His November tear of 800 yards had never been done before, nor had his feat of busting three touchdown runs of 85 yards or more in '09. Johnson caused a few groans and eye rolls in November when, after a 30-13 win against Jacksonville, he told a Sporting News radio show that he believed the Titans could go on a 10-game winning streak. They had started the season 0-6.

Tennessee ended up winning five straight and eight of its last 10 games.

"My biggest fear is failure," Johnson says. "And I don't want anybody to say last year was a fluke season or anything like that. I just want to be consistent. I feel like guys can come and they can have a really good week, really good games, a couple of good games or whatever. But that don't mean they're the best at what they do.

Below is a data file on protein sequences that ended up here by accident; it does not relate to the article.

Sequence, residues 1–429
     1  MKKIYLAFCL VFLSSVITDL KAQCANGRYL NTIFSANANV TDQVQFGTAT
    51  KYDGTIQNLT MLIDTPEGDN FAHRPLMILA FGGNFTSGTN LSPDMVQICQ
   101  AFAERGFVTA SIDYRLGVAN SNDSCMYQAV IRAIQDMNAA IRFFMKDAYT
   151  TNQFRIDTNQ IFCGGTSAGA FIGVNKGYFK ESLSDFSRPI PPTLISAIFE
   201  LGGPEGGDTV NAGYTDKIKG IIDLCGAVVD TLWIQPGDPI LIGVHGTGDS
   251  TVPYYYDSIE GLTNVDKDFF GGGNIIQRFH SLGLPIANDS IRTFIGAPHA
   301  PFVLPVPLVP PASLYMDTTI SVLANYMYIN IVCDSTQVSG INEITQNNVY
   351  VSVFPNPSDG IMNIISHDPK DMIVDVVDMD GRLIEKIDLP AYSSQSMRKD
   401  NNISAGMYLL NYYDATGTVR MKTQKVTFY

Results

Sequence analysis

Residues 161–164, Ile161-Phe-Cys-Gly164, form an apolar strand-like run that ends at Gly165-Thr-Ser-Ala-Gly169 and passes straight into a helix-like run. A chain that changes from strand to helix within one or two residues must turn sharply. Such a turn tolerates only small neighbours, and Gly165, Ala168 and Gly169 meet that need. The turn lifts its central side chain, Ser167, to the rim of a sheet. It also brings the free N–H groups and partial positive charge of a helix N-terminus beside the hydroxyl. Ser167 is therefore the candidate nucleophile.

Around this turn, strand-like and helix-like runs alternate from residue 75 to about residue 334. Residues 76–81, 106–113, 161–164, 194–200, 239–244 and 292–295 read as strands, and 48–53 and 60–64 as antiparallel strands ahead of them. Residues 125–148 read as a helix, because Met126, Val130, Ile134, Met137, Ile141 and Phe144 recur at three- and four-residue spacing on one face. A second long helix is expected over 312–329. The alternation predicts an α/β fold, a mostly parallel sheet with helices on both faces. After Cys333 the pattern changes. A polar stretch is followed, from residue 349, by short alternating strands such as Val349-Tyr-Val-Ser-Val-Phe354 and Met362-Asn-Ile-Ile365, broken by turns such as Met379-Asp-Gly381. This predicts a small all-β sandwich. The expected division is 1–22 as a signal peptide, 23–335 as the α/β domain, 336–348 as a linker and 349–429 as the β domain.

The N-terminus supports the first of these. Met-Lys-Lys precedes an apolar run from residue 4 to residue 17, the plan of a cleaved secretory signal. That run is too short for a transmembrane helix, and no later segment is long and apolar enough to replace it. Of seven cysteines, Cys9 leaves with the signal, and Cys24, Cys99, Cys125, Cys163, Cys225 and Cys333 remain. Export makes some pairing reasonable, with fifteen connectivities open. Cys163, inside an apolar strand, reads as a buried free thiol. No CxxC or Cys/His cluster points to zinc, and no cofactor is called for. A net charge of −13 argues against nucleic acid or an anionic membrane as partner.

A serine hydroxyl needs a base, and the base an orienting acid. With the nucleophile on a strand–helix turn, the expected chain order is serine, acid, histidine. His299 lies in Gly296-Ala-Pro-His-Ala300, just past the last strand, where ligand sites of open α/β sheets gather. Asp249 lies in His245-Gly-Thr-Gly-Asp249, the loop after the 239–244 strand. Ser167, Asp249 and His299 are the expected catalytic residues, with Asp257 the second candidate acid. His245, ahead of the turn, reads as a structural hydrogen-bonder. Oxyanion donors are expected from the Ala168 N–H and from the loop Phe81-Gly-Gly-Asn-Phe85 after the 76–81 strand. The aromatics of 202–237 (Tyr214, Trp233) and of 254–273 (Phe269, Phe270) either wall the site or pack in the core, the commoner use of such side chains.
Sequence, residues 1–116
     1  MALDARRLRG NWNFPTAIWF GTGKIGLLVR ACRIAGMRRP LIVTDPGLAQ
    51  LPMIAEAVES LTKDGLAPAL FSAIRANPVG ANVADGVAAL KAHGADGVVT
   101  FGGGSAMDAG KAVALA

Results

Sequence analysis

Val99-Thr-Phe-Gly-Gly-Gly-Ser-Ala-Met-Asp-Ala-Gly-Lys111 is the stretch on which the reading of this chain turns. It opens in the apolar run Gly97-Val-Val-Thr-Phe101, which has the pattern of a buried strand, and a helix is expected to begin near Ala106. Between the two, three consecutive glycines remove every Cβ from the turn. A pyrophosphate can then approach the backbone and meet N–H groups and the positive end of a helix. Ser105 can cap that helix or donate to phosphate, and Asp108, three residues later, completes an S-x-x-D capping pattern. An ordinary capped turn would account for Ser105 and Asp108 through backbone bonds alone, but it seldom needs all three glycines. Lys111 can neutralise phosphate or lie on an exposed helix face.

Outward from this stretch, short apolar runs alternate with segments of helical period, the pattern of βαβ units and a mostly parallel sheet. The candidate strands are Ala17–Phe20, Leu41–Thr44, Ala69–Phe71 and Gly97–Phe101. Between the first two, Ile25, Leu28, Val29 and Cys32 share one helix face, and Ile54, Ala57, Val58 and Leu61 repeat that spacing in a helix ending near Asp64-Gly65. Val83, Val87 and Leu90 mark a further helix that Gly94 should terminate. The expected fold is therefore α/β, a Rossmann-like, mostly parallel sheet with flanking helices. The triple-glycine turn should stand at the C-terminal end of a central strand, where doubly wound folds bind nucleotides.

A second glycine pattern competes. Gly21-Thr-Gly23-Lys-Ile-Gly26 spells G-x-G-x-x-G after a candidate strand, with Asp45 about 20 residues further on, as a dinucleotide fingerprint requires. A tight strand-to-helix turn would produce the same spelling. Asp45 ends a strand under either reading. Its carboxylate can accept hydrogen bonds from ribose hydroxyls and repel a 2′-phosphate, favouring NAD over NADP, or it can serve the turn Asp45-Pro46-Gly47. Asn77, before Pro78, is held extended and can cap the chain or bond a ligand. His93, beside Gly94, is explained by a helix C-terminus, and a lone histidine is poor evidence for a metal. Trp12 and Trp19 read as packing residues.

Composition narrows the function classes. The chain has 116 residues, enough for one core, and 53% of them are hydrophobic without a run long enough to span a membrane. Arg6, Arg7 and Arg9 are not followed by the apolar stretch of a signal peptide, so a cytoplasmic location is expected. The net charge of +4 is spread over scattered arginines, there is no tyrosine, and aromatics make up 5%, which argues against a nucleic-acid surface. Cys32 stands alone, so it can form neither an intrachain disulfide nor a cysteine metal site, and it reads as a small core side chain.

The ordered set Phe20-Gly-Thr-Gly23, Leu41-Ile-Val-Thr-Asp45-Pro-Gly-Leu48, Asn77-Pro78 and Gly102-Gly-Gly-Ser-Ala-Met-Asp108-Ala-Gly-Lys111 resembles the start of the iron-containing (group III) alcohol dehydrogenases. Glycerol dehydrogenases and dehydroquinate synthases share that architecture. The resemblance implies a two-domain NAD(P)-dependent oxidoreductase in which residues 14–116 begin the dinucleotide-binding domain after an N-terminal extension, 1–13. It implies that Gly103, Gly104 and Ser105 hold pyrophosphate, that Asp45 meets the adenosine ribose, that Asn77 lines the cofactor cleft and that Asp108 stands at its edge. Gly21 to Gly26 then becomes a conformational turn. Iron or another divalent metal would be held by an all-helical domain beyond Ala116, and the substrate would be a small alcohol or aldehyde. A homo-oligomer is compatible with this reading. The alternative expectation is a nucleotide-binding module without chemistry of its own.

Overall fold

"Basically, I want to be the best. I say I'm the best, and I want to back up everything I say."

Johnson actually predicted he'd run for 2,000 yards before the '09 season, even though it was only his second season in the NFL and he was a mere glimmer in the eye of fantasy football owners. He delivered with 2,006 yards on 358 carries.

He received no congratulatory notes from the other five members of 2,000 club when he reached the mark on Jan. 3, but Johnson can immediately rattle off their names: Eric Dickerson. Jamal Lewis. Terrell Davis. Barry Sanders. O.J. Simpson.

None of them reached the 2,000 mark again in their careers.

"He has high expectations," Titans coach Jeff Fisher says. "It's not a selfish 'me' thing. He knows if he reaches a milestone, the team has success. He's not counting right now. The only number he has in mind right now is one, one win, and we've got to get to the next one."